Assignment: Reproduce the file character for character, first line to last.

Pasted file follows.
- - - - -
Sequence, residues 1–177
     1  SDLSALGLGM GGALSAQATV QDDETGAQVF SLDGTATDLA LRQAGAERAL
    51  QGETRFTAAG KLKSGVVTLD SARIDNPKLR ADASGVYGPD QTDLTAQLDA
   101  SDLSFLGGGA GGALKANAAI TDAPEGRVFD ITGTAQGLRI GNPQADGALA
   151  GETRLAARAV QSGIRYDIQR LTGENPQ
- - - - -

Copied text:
Sequence, residues 1–177
     1  SDLSALGLGM GGALSAQATV QDDETGAQVF SLDGTATDLA LRQAGAERAL
    51  QGETRFTAAG KLKSGVVTLD SARIDNPKLR ADASGVYGPD QTDLTAQLDA
   101  SDLSFLGGGA GGALKANAAI TDAPEGRVFD ITGTAQGLRI GNPQADGALA
   151  GETRLAARAV QSGIRYDIQR LTGENPQ